President Sauli Niinistö claims that asylum seekers threaten Finland and Europe

by , under Enrique Tessieri

Speaking to MPs at the opening of parliament’s spring term, President Sauli Niinistö didn’t surprise a lot of people by stating that the amount of asylum seekers coming to Europe are putting under threat our values, reports YLE News. He even went as far as to suggest that if the Geneva Conventions were written today they’d be stricter.

If the government, politicians and President Niinistö have been blamed in the past for giving mixed statements about asylum seekers and immigrants, the latest speech by Finland’s head of state left nobody guessing.

“Migration is a serious problem,” he said. “Europe, Finland, the western way of thinking and our values have all been challenged by it. This is a stark transformation; just a few years ago we were exporting our values and regarded them as unquestionable, now we are having to consider whether even we ourselves can preserve them.”


Näyttökuva 2016-2-3 kello 22.43.44

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President Niinistö not only revealed his anti-immigration views clearer than ever before but the source of Finland’s xenophobia: Migration should be seen as a threat and not as an asset.

What is ironic about his speech is that it was made next to Maria Lohela, the Islamophobic Perussuomalaiset (PS)* speaker of parliament who was reelected today.

President Niinistö claims that migration threatens Europe but in fact, it’s his type of leadership by politicians that pose the greatest threat to our values and region. How disingenuous can you get when the head of state of a country that is supposed to stand up for human rights begins scapegoating migrants and people fleeing wars?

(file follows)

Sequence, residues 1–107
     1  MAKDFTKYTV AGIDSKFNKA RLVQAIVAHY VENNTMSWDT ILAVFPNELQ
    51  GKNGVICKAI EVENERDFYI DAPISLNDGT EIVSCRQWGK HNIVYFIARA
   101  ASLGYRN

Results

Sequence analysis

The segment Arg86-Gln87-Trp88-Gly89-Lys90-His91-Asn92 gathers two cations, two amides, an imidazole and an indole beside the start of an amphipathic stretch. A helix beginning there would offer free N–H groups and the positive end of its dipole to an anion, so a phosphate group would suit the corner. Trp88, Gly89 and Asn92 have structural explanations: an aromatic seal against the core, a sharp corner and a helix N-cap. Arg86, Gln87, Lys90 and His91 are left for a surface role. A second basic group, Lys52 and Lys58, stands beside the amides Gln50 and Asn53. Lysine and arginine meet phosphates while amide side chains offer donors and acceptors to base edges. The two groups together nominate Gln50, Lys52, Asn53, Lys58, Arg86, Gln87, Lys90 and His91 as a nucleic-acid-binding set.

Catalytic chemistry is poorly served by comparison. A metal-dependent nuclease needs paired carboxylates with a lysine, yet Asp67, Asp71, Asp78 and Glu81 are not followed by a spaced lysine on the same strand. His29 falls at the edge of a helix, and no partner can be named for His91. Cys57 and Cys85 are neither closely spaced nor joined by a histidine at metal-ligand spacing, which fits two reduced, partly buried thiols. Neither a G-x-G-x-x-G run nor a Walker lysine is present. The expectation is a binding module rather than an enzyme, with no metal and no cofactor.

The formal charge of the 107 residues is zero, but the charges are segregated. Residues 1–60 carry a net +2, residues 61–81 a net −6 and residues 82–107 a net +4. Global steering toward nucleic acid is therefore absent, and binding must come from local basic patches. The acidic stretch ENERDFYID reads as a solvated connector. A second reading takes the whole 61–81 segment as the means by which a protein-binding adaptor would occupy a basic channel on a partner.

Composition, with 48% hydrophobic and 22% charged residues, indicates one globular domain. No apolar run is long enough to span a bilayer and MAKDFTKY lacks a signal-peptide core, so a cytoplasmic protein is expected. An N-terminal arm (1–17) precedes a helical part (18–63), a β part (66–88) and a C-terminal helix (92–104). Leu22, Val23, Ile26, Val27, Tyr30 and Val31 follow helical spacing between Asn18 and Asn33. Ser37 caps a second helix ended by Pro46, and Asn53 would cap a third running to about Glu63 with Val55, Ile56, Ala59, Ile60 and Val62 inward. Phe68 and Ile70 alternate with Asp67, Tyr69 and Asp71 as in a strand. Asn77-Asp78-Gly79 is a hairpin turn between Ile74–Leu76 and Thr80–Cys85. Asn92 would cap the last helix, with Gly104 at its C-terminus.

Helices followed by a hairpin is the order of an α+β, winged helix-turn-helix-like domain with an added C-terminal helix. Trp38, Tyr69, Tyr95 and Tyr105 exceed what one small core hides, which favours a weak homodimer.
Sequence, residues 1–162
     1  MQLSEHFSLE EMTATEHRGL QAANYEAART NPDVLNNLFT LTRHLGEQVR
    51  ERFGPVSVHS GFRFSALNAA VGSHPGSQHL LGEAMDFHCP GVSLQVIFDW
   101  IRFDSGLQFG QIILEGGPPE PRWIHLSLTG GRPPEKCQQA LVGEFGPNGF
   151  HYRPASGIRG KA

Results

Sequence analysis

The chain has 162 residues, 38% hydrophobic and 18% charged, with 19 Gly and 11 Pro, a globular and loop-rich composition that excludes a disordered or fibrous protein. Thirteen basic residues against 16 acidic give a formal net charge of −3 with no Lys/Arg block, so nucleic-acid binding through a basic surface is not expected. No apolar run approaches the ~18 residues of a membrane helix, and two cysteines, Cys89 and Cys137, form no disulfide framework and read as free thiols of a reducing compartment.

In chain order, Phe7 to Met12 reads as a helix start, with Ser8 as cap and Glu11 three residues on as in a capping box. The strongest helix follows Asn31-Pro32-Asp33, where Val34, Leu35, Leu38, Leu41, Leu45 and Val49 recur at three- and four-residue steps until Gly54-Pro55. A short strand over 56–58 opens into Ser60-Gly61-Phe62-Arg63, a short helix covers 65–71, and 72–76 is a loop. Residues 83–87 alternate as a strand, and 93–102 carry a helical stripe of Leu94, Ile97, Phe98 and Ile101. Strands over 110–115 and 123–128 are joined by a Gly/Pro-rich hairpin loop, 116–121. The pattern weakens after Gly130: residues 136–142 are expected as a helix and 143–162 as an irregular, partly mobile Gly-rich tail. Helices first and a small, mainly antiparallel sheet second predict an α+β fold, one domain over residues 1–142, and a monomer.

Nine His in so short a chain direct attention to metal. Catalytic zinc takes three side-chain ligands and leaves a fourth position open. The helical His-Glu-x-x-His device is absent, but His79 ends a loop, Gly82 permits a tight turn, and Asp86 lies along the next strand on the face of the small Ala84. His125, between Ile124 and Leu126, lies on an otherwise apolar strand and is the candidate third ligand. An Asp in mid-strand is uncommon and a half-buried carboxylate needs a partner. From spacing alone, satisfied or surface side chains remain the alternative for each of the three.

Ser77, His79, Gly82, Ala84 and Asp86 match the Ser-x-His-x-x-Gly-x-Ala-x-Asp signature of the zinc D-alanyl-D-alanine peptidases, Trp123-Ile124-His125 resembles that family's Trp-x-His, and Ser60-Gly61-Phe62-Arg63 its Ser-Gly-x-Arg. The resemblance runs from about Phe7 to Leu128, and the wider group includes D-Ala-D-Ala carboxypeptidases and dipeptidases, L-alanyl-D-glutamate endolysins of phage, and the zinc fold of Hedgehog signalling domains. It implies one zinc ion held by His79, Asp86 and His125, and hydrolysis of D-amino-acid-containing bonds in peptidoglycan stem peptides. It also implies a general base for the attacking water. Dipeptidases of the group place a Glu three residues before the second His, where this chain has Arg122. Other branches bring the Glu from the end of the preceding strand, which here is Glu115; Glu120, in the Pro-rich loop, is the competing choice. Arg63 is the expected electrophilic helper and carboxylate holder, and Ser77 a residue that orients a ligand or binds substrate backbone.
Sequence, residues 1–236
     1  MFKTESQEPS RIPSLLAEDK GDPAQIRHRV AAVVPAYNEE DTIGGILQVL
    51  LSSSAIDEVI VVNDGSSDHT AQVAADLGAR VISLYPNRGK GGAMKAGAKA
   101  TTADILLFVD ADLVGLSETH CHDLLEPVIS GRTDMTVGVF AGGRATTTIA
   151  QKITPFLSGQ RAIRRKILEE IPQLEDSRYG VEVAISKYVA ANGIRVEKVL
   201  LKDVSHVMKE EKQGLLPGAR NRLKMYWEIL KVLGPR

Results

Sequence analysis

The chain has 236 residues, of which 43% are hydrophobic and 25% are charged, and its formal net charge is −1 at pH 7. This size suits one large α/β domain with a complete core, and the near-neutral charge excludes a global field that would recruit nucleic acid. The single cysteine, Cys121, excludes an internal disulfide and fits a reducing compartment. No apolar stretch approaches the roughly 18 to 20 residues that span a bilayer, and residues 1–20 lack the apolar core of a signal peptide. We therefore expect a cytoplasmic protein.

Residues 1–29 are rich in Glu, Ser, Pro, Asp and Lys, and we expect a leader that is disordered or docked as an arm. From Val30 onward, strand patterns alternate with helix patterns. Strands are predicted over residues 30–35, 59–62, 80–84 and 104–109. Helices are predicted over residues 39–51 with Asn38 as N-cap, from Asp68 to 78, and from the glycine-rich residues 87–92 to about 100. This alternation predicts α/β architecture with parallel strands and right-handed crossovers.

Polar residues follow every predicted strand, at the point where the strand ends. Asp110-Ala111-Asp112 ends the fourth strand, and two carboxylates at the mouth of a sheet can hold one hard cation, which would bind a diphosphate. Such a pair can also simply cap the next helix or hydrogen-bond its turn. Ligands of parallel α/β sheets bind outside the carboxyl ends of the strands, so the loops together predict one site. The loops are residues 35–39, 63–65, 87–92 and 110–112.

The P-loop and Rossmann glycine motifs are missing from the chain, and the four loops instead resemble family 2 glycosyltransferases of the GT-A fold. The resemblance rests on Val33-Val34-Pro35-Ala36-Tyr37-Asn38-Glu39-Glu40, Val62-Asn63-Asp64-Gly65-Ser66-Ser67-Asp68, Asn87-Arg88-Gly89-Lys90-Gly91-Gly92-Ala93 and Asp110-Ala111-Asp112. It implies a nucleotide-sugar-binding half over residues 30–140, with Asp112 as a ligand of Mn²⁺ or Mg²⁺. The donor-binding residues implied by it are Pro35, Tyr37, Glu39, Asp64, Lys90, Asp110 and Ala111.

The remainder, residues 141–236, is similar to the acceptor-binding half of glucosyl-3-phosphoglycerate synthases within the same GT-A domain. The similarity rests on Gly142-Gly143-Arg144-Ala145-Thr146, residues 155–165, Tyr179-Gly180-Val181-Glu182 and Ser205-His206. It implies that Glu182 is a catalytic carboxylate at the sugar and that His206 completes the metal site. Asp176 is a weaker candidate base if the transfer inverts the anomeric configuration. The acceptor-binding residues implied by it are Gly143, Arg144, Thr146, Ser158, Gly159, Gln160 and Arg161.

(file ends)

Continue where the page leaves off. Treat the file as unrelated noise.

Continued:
Disgraceful speeches like the one today in parliament by Niinistö show that some heads of state in Europe consider human rights an obstacle. This is nothing new in Finland. During the cold war era, human rights were seen as a threat to our special relationship with the former Soviet Union.

Fortunately, the 30th article of the UN Declaration of Human Rights states:

“Nothing in this Declaration may be interpreted as implying for any State, group or person any right to engage in any activity or to perform any act aimed at the destruction of any of the rights and freedoms set forth herein.”

The Finnish name for the Finns Party is the Perussuomalaiset (PS). The English names of the party adopted by the PS, like True Finns or Finns Party, promote in our opinion nativist nationalism and xenophobia. We, therefore, prefer to use the Finnish name of the party on our postings.

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